“Terrible” Tim Witherspoon To Return July 1st - A Terrible Idea?

tim witherspoon23.05.07 - By James Slater: Joining the currently large number of veteran heavyweights who refuse to retire for good, former two-time heavyweight champion Tim Witherspoon makes yet another comeback this coming July. Tim, now one year short of his half-century, boxes against a yet to announced opponent in Birmingham, England. Witherspoon’s having the desire to fight again when nearly fifty years of age is a quite shocking one, to say the least. His fighting days looked to be well and truly over back in 2003, the year the Philly boxer last made a ring appearance.

For four years ago, Tim was out pointed over ten rounds by one Brian Nix - the same Brian Nix, who, two fights later, would be stopped in three rounds by the then undefeated Audley Harrison. Before that loss, “Terrible” Tim was KO’d for one of the rare times in his long career, in five rounds by the soon-to-face Evander Holyfield, Lou Savarese. Coming back now, when he can surely be nothing more than four years older and who knows how many pounds heavier, can only be a bad idea, surely?

But Tim believes he still has something to offer. He even went as far as saying that more veteran heavyweights should be fighting again also. Perhaps he looks back at what George Foreman was able to accomplish and feels he can do likewise. Or maybe the forty-nine year old is only interesting in boxing in a ‘senior’s tour.’ Time will tell.

Choosing to launch this latest comeback in Britain is a curious move. Tim obviously feels he will pass the British Boxing Board of Control’s strict mental and physical exams adequately enough. For not to downgrade any State in particular, it is certainly a lot easier for a man who is not at all fit to fight to get a licence is specific places in America. We have seen enough evidence of this in the past. But Tim has chosen to box in Britain, therefore he must be confident he is one hundred percent fit and able to box. And good luck to him, too.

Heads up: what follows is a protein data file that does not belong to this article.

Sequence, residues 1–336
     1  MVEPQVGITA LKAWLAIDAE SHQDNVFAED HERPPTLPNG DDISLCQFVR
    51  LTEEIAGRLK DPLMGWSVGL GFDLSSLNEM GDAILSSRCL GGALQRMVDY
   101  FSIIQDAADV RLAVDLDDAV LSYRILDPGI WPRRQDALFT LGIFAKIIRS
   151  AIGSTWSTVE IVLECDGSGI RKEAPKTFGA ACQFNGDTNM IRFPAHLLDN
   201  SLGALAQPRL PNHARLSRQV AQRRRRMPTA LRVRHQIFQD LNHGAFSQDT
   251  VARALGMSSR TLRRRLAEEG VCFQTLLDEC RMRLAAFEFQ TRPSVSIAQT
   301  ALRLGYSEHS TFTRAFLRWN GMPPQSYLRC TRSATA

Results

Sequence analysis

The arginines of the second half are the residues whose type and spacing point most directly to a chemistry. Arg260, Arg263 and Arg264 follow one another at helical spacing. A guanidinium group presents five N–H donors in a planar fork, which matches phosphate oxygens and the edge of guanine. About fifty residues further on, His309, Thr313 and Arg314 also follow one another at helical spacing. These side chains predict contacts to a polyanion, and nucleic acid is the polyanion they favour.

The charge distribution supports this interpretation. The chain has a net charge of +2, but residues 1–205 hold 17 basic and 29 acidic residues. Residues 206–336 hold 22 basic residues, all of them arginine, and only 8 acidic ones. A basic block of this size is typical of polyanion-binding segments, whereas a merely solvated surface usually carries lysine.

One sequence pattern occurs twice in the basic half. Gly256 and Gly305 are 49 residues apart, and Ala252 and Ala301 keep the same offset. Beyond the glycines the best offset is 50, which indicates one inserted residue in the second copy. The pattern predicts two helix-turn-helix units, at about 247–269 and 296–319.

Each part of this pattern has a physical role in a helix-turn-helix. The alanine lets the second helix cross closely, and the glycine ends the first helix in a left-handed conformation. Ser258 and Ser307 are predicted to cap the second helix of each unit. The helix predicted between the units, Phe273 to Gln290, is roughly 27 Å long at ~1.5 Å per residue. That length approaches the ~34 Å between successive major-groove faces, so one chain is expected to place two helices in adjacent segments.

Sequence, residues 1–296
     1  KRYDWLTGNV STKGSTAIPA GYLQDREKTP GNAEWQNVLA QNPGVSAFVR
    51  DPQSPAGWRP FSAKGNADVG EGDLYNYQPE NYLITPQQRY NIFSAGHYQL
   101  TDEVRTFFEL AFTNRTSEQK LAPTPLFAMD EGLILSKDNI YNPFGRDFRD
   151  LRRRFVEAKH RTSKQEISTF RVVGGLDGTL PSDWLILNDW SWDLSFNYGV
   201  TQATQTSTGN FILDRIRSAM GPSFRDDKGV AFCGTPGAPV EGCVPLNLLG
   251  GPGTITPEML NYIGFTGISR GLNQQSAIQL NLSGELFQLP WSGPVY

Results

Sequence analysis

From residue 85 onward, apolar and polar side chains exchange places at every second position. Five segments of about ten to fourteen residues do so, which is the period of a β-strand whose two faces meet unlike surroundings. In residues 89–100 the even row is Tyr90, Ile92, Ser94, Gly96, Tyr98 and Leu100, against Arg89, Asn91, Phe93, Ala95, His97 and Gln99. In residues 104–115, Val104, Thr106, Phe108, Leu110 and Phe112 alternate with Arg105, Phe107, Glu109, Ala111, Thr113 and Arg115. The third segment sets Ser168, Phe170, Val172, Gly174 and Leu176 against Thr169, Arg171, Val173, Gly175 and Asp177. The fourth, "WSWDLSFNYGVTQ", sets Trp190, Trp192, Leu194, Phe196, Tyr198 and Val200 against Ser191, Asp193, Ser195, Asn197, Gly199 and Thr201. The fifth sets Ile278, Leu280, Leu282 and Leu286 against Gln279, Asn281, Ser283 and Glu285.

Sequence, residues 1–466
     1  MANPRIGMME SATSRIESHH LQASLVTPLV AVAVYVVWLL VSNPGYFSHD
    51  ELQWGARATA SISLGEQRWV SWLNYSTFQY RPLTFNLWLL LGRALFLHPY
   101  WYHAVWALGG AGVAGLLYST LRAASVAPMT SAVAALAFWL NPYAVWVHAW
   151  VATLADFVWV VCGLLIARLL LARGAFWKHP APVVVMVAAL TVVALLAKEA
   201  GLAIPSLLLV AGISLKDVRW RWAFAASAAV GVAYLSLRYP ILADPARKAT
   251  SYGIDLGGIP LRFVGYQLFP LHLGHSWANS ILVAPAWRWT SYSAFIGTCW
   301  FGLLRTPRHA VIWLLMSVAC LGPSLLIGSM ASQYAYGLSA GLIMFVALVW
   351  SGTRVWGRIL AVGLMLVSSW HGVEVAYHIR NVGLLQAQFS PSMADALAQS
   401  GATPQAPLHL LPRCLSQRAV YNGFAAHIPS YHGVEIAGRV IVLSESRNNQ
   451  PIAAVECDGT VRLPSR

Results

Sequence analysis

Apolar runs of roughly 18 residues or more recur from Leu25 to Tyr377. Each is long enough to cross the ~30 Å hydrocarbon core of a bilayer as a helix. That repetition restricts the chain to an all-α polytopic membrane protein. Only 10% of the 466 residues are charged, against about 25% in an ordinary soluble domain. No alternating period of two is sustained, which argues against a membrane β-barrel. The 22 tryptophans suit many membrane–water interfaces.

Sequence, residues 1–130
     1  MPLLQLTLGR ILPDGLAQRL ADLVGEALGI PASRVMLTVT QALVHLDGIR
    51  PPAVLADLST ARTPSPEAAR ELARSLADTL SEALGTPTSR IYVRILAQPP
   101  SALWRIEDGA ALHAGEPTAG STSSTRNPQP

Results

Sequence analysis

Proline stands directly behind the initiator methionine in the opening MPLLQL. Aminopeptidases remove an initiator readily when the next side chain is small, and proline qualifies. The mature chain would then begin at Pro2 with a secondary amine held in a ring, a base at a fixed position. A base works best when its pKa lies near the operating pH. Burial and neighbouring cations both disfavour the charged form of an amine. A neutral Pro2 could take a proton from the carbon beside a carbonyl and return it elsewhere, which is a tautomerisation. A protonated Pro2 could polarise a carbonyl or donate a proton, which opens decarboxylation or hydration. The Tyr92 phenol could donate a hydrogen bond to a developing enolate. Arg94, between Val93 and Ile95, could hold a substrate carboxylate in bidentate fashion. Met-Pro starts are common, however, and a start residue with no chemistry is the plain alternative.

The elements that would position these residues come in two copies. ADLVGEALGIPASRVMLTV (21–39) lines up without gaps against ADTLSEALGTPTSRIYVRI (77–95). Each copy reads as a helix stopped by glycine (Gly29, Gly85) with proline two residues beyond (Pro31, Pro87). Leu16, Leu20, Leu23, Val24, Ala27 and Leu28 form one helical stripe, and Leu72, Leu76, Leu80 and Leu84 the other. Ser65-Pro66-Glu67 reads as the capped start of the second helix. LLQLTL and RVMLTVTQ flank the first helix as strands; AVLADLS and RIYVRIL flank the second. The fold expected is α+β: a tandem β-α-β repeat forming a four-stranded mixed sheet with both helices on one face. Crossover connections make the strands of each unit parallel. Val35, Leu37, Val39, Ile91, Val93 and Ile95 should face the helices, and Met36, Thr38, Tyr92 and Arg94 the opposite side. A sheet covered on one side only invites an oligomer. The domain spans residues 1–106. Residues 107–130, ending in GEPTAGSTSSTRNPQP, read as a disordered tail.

For while I do feel his return is one hell of a risky thing he’s partaking in - and in answer to the title of this article, I say yes - as a person I hope nothing bad happens to the likeable Witherspoon. Would it be better if he forgot his idea of joining the already veteran-cluttered heavyweight division? Of course it would. But it’s a free world, and Tim is therefore
free to do what he chooses to do.

A lot will be revealed by the eventual choice of opponent for the man who once ruled his weight class twice. And who knows, if carefully matched Tim just may get a further few wins under his belt. He will never get close to reviving his great days, however. Sure, Tim was a fighter smack bang in the middle of an era known as ‘The lost generation of heavyweights,’ but he was a damn fine fighter in his prime. An expanding waistline eventually spoilt a lot of his potential, but Tim gave some great ring performances all the same.

Who can forget his superb fight with the legendary Larry Holmes? Holmes was the unbeaten champ, Witherspoon was an unbeaten contender, and twelve action-packed rounds were the result. Tim had more than his share of good rounds, the ninth in particular was a sensational one for the then twenty-five year old. Larry retained via a desperately close and somewhat controversial split decision, but Tim had made a name for himself that night way back in 1983.

He would eventually go on to capture two versions of the splintered championship - the result of Larry’s decision to fight exclusively for the newly organised IBF. Tim won the vacant WBC belt with a points win over Greg Page ( one of only four men to ever stop Tim, in a return match in 1999!) and after losing that title on points to Pinklon Thomas, Tim won the WBA version with a points win over Tony Tubbs. In so doing, he became one of only a handful of two-time heavyweight champions - alphabet version only, of course. Only one successful defence of his second title followed - an eleventh round KO of Britain’s Frank Bruno - before the Philly fighter’s shock one round loss to James “Bonecrusher” Smith.

It could be argued that at that time Tim’s best days were already long gone. He found himself in the wilderness soon after the Smith defeat, the result of his court battles with Don King. And since then Witherspoon has never got close to becoming world champion again. His last good performances came in 1996. When on a previous comeback campaign, Tim KO’d the huge Cuban, Jorge Luis Gonzalez in five rounds and was then out pointed by the tough Ray Mercer in a fight many thought Tim had done enough to win. Since then Tim has gone 10-8-1, his last fight being the decision defeat to Nix.

Tim’s overall record stands at 55-13-1 (38) at the moment. Whether another win, another loss, or another draw is added to these stats, we will see in Birmingham, England on July 1st.

Article posted on 23.05.2007

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